for Rehearing May Backfire on Patentees
As detailed earlier this week, a patentee's decision to
file a preliminary response in an IPR/CBM preliminary proceeding is not
as straightforward as one would expect. Where such a preliminary response
is imprudently pursued by a patentee this misstep can be further compounded by
other optional filings post-Trial Order.
Subsequent to the filing of a preliminary response by a
patentee the Patent Trial & Appeal Board (PTAB) will issue its decision. If
unsatisfied with the Trial Order either party may file a Request for Rehearing
as a matter of right within 14 days.
As is the case with the optional patentee preliminary
response, just because you can request rehearing doesn't mean you
The decision whether or not to institute trial is final
and non-appealable. However, a PTAB Trial Order may be reconsidered under an
abuse of discretion standard 42.71(c). In order to overturn all or part of a
Trial Order the challenging party has the burden of demonstrating that the
Board misapprehended or overlooked an aspect of the record.
In all but the most exceptional of circumstances the
PTAB, like most courts, rarely finds an abuse of discretion warranting a change
in course from an initial decision. Yet, some patentees take the "what do I
have to lose" approach without appreciating they have much to lose.
First many such requests fail to appreciate the
heightened standards and the need to identify a mistake in the record. Instead,
many requests will argue that the "mistake" was the ultimate conclusion of the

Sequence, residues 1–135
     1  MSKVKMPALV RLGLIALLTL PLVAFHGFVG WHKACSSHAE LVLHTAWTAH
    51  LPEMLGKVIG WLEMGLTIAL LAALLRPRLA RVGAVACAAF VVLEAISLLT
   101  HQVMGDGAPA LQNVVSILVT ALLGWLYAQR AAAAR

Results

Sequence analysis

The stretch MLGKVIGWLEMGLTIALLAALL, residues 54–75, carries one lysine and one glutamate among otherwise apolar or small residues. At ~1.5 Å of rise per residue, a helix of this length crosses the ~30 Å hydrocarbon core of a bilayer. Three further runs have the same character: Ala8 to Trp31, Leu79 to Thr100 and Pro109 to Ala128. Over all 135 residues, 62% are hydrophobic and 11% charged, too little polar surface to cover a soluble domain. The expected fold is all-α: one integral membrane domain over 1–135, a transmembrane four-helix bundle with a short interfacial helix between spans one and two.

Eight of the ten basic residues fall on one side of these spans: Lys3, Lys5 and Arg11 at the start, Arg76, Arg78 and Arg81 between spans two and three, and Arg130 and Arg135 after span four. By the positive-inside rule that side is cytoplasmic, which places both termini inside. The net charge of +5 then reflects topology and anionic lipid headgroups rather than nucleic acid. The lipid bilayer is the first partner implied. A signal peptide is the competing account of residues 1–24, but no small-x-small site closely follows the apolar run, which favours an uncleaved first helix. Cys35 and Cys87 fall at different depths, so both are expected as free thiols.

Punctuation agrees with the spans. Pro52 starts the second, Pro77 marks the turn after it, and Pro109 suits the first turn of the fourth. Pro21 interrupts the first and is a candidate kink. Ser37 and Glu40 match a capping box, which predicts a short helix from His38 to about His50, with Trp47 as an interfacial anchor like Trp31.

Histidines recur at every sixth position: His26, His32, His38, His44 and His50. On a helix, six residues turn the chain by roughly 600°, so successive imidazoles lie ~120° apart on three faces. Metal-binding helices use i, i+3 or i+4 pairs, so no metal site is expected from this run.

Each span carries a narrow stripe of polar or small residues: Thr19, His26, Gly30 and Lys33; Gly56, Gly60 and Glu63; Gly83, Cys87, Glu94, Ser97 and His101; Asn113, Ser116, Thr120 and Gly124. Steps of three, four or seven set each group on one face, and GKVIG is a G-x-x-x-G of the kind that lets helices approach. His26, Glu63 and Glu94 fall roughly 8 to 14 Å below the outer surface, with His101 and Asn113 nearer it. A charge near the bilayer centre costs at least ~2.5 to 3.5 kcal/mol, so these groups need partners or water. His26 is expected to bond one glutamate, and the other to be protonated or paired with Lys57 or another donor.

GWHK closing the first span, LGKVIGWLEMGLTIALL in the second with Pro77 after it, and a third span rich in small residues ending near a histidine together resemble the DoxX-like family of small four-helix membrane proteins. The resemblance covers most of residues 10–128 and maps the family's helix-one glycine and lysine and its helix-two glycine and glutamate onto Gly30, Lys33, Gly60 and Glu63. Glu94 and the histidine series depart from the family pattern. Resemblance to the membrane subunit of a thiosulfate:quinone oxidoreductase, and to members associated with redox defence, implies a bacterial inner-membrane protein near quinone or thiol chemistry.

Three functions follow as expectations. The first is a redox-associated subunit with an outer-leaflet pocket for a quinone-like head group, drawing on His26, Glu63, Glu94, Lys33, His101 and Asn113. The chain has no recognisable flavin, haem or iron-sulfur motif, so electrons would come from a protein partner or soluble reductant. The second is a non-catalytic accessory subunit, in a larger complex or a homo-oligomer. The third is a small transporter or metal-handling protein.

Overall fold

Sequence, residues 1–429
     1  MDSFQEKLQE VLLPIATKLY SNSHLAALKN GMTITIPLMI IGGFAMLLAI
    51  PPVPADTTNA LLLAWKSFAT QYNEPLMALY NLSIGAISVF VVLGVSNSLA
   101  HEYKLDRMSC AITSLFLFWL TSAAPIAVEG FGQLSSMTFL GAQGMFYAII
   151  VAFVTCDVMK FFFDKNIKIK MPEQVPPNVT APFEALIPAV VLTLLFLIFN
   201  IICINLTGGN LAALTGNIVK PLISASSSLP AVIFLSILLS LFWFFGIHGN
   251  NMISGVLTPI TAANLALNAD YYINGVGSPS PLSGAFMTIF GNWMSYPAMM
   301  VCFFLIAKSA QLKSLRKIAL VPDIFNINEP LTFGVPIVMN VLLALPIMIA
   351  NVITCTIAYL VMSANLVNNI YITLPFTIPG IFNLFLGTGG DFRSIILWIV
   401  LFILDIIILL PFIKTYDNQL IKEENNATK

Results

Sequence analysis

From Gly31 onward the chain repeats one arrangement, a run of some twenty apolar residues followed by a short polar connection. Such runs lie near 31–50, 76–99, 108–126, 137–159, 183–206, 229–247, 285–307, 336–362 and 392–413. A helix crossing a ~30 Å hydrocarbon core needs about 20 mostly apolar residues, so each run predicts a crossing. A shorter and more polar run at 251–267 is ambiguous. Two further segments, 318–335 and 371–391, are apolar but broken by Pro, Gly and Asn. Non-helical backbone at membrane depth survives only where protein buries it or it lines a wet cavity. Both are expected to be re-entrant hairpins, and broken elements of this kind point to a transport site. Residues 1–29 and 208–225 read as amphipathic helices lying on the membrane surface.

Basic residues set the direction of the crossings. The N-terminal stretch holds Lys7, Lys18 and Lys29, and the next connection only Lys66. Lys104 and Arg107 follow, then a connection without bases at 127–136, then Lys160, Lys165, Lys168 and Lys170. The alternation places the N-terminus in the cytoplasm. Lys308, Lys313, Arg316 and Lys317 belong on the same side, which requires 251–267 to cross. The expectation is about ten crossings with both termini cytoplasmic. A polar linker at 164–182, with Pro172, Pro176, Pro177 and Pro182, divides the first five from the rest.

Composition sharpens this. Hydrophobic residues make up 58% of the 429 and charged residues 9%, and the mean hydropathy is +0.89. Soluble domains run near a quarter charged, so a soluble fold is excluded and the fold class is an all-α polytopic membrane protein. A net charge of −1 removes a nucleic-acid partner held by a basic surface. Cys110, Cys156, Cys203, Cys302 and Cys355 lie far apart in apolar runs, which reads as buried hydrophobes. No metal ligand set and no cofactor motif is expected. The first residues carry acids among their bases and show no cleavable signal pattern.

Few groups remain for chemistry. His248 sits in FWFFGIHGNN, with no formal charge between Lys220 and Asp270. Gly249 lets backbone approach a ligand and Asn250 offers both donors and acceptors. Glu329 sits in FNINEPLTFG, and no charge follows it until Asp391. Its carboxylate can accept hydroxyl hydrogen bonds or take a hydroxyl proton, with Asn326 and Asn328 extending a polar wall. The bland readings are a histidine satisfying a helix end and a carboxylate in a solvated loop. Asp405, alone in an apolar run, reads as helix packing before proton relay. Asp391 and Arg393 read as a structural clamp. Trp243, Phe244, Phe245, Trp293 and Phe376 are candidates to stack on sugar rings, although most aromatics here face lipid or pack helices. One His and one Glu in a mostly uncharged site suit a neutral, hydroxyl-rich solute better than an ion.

Board and attempt to present altogether new arguments to the record. Such a
filing is not only a complete waste of time but will undermine your credibility
with the panel conducting your trial.
Further, for patentees, such requests almost always
follow failed preliminary responses. Here the inclusion of new arguments in the
request for rehearing only serves to put your adversary on notice of your
entire case. Providing advance notice of your forthcoming patentee response,
and discovery plan (assuming the petitioner declarant is to be deposed a few
weeks later, which is typical) is just not something you should be doing given
the odds of success. To date, all of such requests have been denied.
On the Petitioner side, a request for rehearing may be
less of a strategic concern. This is because a petitioner may not have any
other option to file a second petition for claims of the patent if the 12 month
window is closed. Likewise, there is less of a concern of disclosing as yet
unknown positions (i.e., the petition should have provided such in the first
instance). Even if denied, the claims addressed in the petitioner Request will
not be part of the trial proceeding.
To date petitioners have experienced more success with
their requests for rehearing, however this is just a temporary
statistical anomaly. Historically speaking, the PTAB has very rarely
reversed course upon request for rehearing.
View more from Patents Post-Grant.
For more information about LexisNexis
products and solutions connect with us through our corporate site.